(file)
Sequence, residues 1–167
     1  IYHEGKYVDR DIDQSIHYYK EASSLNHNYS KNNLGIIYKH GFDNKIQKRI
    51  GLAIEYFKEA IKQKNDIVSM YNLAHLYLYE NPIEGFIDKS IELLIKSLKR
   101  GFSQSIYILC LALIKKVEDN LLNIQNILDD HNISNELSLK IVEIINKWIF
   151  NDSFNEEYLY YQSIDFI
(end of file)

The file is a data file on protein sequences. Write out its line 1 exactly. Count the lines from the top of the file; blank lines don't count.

Sequence, residues 1–167